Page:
The White House agreed yesterday to give Senate intelligence committee members and staff access to internal documents related to its domestic surveillance program in a bid to win Democratic lawmakers' support for the administration's version of an intelligence measure.
The move was meant in part to defuse a months-long clash between Congress and the Bush administration over access to legal memoranda and presidential decisions underpinning the Terrorist Surveillance Program, which allowed the government to eavesdrop without court warrants on communications between people in the United States and abroad when one of the parties is a terrorism-related suspect.
Some of the documents had been demanded by Senate Judiciary Committee members as a condition for considering the administration's nomination of former judge Michael B. Mukasey as the nation's 81st attorney general. Sen. Patrick J. Leahy (D-Vt.), the committee's chairman, dropped that condition weeks ago but said yesterday that he still wants to see the documents.
Leahy told reporters after a meeting with Mukasey yesterday that he nonetheless expects Mukasey "to be confirmed" after a nomination hearing today, at which Mukasey is to be escorted into the room by Leahy and the committee's ranking Republican, Sen. Arlen Specter (Pa.). Mukasey is to be formally introduced by Sens. Joseph I. Lieberman (I-Conn.) and Charles E. Schumer (D-N.Y.).
Schumer indicated after meeting separately with Mukasey yesterday that he expects the judge to promise to undertake a review of the department's legal justifications for the administration's counterterrorism policies, which are the subject of some of the documents made available to intelligence committee staff and members for review at the White House.
Mukasey has indicated that he strongly supports the administration's counterterrorism effort.
Committee member Dianne Feinstein (D-Calif.), who also sits on the Judiciary panel, said however that when one of her staff members reviewed the documents, "he wasn't impressed." She added that she was unsure whether the documents the staff member saw were exactly what Leahy was seeking.
Sen. Christopher S. Bond (Mo.), the intelligence committee's ranking Republican, was more positive. "We're getting the information I think we need."
But House Democrats, who plan to vote today on a bill that would restrict domestic surveillance powers more tightly than the administration wants, complained yesterday that they should have been permitted the same access.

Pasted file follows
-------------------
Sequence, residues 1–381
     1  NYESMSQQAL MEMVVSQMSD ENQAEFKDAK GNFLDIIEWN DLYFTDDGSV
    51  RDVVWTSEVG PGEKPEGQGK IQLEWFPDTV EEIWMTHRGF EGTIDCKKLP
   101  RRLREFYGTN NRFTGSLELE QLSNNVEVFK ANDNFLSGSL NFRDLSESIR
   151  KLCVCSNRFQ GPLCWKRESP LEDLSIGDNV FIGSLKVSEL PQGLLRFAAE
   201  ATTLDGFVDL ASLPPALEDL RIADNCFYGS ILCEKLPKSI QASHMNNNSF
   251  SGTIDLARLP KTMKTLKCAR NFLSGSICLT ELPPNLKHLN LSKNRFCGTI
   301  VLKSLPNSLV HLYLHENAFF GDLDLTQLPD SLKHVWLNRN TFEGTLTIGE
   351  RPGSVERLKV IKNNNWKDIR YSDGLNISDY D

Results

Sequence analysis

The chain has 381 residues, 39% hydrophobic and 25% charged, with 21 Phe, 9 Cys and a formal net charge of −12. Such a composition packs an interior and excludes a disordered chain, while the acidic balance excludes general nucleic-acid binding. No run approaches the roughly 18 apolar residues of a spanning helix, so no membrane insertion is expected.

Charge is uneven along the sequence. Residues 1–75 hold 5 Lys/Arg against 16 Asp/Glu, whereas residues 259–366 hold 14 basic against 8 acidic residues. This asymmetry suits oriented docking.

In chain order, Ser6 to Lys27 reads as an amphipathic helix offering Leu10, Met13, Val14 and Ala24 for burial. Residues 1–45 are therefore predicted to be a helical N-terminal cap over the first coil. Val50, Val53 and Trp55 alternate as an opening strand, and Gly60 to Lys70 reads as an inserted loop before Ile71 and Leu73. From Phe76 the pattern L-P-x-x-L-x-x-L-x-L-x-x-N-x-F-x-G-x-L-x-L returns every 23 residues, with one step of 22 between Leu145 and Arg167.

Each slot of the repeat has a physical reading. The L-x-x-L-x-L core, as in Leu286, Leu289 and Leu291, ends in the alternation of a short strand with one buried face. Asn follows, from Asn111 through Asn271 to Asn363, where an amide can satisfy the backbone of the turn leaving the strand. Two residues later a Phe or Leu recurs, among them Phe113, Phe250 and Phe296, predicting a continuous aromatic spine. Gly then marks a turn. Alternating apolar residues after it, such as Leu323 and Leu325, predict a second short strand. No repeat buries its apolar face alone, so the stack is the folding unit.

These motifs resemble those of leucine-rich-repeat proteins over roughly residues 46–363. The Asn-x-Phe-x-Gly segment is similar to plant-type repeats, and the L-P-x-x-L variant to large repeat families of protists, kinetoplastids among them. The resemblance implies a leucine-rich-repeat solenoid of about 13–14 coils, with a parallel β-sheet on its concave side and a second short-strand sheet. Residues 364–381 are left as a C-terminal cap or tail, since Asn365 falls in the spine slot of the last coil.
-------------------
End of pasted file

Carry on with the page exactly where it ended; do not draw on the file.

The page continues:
"Although even these materials are far short of the information that Congress has requested for more than a year on this crucial subject, we are extremely disappointed that the available information is being withheld from the House," Judiciary Committee Chairman John Conyers Jr. (D-Mich.) said in a letter yesterday to White House counsel Fred F. Fielding.
Besides trying to quiet congressional accusations of a coverup, the administration wants in particular to win support for a legal provision providing immunity for telecommunications companies that have been sued for violating privacy rights when they assisted the government's domestic surveillance effort.
White House spokesman Tony Fratto said that administration officials "routinely meet with members of Congress and their staffs to provide them with information they need when they are considering and drafting legislation." In this case, he said, members of the Senate intelligence panel "requested access to certain materials to assist their consideration" of relief for the companies.
In addition to seeking documents related to the surveillance program, Leahy has sought internal legal opinions related to torture issues involving terrorism suspects and testimony from White House advisers connected to the firing of nine U.S. attorneys last year.
Leahy said his questioning at the hearing today will be aimed at eliciting statements from Mukasey about the legality of torturing terrorism suspects and threats to the independence of federal prosecutors that impinge on their efforts to pursue cases regardless of political sensitivities. "How are you going to clean up this mess?" Leahy said he probably will ask Mukasey.
Mukasey has already sought to assure lawmakers in private that he will not let politics intrude on the department's decisions. "He will be light-years better than his predecessor," Leahy said, referring to former attorney general Alberto R. Gonzales, who resigned in late August after making a series of statements about the attorney firings and surveillance programs that were disputed by his former colleagues and lawmakers from both parties.